A Failed Presidency; A New Beginning?
Next Saturday, August 7, 2010, the Presidential term of Alvaro Uribe Velez ends. His years in office, frequently celebrated in U.S. national news media (among others, the Wall Street Journal, Newsweek, CBS News, and the Washington Post editorial page) as a great success, have in truth been a spectacular failure.
Consider the following 10 examples of Uribe’s rule: 1) during his 8 years in office the number of internally displaced people has multiplied by at least 300%, reaching nearly 4.5 million people, 10% of Colombia’s population, due largely to attacks by illegal paramilitary forces in frequent collaboration with Colombian Army units; 2) thousands of civilians have been killed, including many through military murders of civilian youths who were then presented as guerrillas killed in combat, when they were neither guerrillas nor killed in combat —Uribe’s answer a few days ago to the finding of common graves next to a military base in la Macarena was to praise the military; 3) Uribe obtained approval in the Colombian Congress for his re-election in 2006, contrary to the provisions of the 1991 Constitution, by having members of his Presidential Palace staff arrange a bribe of Congresswoman Yidis Medina (who went to prison, though those who offered the bribe were not tried) and he authorized illegal wiretaps of the Supreme Court, opposition political leaders and human rights lawyers while converting the DAS (essentially Colombia’s F.B.I.) into his personal spy agency; 4) Under Uribe the Colombian economy grew, but unemployment increased; 5) Uribe dismantled the Social Security system and converted health care into a private, for-profit system, making a mockery of any concept of a “social safety net” for poor Colombians; 6) Uribe facilitated multinational corporations’ entry into Colombia on extremely favorable terms, effectively reducing the country’s share of the mineral wealth these companies take out of the earth and send abroad; 7) his agricultural policies favored large-scale producers for export, as he congratulated large landowners who utilized police and military forces to remove peasants from lands they rightly held, as in the community of Las Pavas in Bolivar Department; 8) he went hat in hand to Washington, D.C. to seek approval by the U.S. Congress of a bilateral Free Trade Agreement which if enacted will most surely decimate the Colombian countryside, as small-scale producers of food crops will be unable to compete with duty-free imported agricultural products from the United States; 9) he approved continued use of aerial spraying in coca-growing regions in southern Colombia, even though the spraying has decimated peasants’ food crops and caused health problems for people and farm animals; and 10) he opened 7 Colombian bases to U.S. military use and ratified the immunity from prosecution in Colombia of U.S. military personnel who commit crimes there, whether they are related to military operations or not.
Does this suggest a successful Presidency for Colombians? Of course not. Why, then, has Uribe been so celebrated in the U.S.? George W. Bush, near the end of his failed Presidency, awarded the Presidential Medal of Freedom to Alvaro Uribe, a tremendous embarrassment for those of us in this country who believe in honesty, oppose corruption and celebrate life as sacrosanct. And President Barack Obama, who in his campaign for President criticized the proposed Free Trade Agreement, citing Colombia’s failure to protect labor leaders from being murdered, recently expressed his hope the pact will be approved. He suggested it may provide some additional jobs for people in this country, even though murder of labor union leaders continues unabated in Colombia.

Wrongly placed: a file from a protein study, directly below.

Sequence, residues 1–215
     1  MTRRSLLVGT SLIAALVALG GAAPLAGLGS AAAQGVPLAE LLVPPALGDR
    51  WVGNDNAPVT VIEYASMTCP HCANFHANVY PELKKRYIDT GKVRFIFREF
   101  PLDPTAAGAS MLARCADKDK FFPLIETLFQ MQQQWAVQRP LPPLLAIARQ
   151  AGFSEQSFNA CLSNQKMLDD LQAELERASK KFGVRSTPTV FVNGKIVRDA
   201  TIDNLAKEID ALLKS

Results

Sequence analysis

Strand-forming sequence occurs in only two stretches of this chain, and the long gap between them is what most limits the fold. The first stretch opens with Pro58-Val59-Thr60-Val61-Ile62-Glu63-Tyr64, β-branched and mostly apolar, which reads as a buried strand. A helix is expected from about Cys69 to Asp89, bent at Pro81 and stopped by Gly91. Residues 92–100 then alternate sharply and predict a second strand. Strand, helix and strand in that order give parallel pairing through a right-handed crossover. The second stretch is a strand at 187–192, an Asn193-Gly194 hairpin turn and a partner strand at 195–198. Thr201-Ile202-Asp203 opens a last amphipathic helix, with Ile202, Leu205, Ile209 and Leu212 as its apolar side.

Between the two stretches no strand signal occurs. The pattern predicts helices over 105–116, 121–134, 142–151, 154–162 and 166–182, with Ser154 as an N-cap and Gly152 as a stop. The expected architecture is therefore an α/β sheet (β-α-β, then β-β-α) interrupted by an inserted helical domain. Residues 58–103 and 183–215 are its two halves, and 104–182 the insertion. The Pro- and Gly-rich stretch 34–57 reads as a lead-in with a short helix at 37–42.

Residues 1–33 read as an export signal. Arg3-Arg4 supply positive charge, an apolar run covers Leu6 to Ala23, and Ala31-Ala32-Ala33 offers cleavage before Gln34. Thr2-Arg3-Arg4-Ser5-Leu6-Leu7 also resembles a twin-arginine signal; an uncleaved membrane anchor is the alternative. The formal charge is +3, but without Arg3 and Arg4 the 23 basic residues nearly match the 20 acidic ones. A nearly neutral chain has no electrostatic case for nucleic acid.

There is something else at play here. I believe the U.S. government has shielded the Uribe Administration from criticism partly because it has been so openly favorable to the U.S.—allowing privileged access of U.S.-based multinational corporations to mineral deposits, including oil; establishing very favorable terms for foreign investment, profit remittances and intellectual property rights; and opening the 7 bases to the U.S., including allowing the construction of a new runway at the Palanquero base which will permit its use by large cargo planes capable of carrying rapid deployment forces to all but the southernmost tip of South America. This base agreement is understandably viewed with suspicion by most other countries in South America, who quite rightly see the U.S. as seeking to reassert its influence over what for so long the U.S. has considered its backyard. In addition, by providing the support and assistance it has to President Uribe and his government, the U.S. government may have broken laws of this country, and it may still be doing so.
It is time to clear the air! One hopes the new Colombian President, Juan Manuel Santos, will reduce the extraordinary level of corruption in the highest spheres of the Colombian government and will, as he has promised, preside over a government characterized by its transparency. And we can hope that the so-called Free Trade Agreement will be re-examined and modified to provide needed protections to Colombians, or will be scuttled altogether. And is it too much to expect that the deleterious aerial fumigation will end? Hopefully not. And finally we can hope that President Obama’s government will recognize and support the efforts of other South American governments to form a South American organization to protect and advance their rightful and reasonable interests and will abandon the notion that the U.S. has the right to determine what plans and policies are developed by Latin American governments.
John I. Laun
August 3, 2010
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